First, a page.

Fourteen years ago in Bremen, Germany, astronomer Seth Shostak gave a lecture that included a wager. “I bet everybody in the audience a cup of Starbucks that we would find E.T. within two dozen years,” he told a new audience in October. You don't have to be a Klaatu-level math whiz to calculate that Shostak has 10 years left before he'd have to shell out for a lot of tall drips. I'm talking about the coffee.
Shostak is senior astronomer at the Center for SETI Research based in Mountain View, Calif. SETI stands for “Search for Extraterrestrial Intelligence,” of course, as the millions who have loaned out their home computer time for the SETI@home project know. He mentioned the wager at a session on the current state of the search for any signs of alien intelligence at the World Conference of Science Journalists in the San Francisco Bay Area. The SETI conversation in question took place on the University of California, Berkeley, campus. No protesters or extraterrestrials attended. Probably.
“To have some reasonable chance of success,” Shostak said, “you'd have to look at at least a million star systems.” Which may be possible within the coffee challenge's time parameter, thanks to $100 million from Russian physicist and entrepreneur Yuri Milner in 2015 to establish what is called Breakthrough Listen—an effort to use multiple radio and optical telescopes to survey the million stars closest to us. (It recently came out that in 2015 Milner had invested in a start-up co-owned by Donald Trump's son-in-law, Jared Kushner, who is a senior White House adviser. Perhaps Milner's SETI funding represented his realization that looking for intelligent life in outer space was a better bet.)
Shostak thinks his Bremen audience comes out ahead either way. “Because either [by 2027] a signal has been found and you have something to talk about at lunch—or you get a cup of coffee. You can't lose.”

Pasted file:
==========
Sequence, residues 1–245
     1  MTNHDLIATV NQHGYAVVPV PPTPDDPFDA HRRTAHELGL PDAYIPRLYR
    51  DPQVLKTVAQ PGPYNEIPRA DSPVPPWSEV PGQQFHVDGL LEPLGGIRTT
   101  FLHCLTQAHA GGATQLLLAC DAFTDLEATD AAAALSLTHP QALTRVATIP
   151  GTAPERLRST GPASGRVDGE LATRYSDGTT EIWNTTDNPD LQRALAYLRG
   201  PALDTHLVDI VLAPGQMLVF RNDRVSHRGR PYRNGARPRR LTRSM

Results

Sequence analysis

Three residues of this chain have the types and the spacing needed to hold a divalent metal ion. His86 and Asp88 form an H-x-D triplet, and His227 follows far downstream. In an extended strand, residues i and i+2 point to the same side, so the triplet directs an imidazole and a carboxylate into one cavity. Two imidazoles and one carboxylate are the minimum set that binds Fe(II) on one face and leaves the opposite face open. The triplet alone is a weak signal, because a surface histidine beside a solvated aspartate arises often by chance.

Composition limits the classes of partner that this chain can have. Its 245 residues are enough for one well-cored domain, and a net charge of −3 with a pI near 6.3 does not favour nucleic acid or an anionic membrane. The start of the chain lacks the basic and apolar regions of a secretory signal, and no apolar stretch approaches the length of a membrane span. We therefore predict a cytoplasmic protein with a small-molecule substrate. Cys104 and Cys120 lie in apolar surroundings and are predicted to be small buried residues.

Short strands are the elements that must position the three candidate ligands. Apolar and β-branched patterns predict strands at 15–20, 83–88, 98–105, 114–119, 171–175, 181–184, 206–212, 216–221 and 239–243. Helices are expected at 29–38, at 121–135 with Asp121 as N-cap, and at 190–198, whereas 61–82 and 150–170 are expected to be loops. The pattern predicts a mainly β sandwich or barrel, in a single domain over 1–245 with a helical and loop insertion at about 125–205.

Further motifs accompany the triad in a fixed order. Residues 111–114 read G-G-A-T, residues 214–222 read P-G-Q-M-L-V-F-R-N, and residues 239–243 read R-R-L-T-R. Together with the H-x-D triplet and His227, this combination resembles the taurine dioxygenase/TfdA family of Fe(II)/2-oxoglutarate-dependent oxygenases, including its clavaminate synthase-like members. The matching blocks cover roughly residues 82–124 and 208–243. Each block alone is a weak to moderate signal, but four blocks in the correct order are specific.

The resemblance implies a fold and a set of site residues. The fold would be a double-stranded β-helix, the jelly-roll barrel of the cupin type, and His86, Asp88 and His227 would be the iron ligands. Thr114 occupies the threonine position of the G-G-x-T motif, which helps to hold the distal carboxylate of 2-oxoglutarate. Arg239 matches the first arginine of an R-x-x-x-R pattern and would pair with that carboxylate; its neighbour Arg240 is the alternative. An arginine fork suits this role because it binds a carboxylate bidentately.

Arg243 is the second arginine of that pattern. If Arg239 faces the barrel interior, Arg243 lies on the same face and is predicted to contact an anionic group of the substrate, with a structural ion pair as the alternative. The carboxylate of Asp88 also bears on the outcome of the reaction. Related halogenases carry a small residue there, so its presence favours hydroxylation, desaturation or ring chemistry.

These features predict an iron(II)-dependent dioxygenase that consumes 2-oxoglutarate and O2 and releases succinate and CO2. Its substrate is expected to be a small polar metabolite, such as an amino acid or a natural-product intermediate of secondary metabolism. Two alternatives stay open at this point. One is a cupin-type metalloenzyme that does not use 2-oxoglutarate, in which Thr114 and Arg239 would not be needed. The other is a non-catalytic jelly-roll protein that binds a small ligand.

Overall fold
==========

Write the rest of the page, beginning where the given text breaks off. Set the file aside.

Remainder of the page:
But what about sending out messages inviting contact with intelligent aliens rather than just listening for incoming missives from faraway smarty-pants or whatever clothing may be appropriate for their anatomy? “I think the risks outweigh the benefits,” said Dan Werthimer, chief scientist at the Berkeley SETI Research Center, which oversees Breakthrough Listen. “When advanced civilizations come in contact with less advanced civilizations, it hasn't been good on Earth. So I think there's a lot of risk.”
But Shostak thinks we already might have attracted somebody's attention: “The kind of equipment that we have today is within four orders of magnitude of being able to detect radars on nearby worlds, within a few tens of light-years. Now this speed of increase in the collecting area of radio telescopes on Earth is roughly two orders of magnitude per century.... That means that any society that's at least 200 years more advanced than we are has equipment that can pick up SFO, alright? That's the local airport for those of you from out of town. So ... if you really think there's a potential of killing seven billion people because the aliens get ticked off by hearing I Love Lucy and send their interstellar battlewagons here to wipe us out..., you better turn off all the radars. Not for the weekend, not for this year, you better turn them off forever. And to me, that doesn't sound like a good idea.”
Shostak also brought up a less frightening but perhaps more existentially dreadful possibility about some future first contact: what if we finally hear from aliens broadcasting their presence as sentient beings, and the big announcement is their understanding of well-known mathematical phenomena such as the Fibonacci sequence. “That would be a real bummer, wouldn't it?” he asked. “I mean, we finally hear from E.T., and he tells us something you learned in 10th grade.”
Actually I'd be okay with it—and with them watching Lucy gobble chocolates off the conveyor belt. What I worry about is them catching the iconic Twilight Zone episode where the aliens show up with a manuscript entitled “To Serve Man,” and it ends up being a cookbook. Why give advanced carnivores any cravings?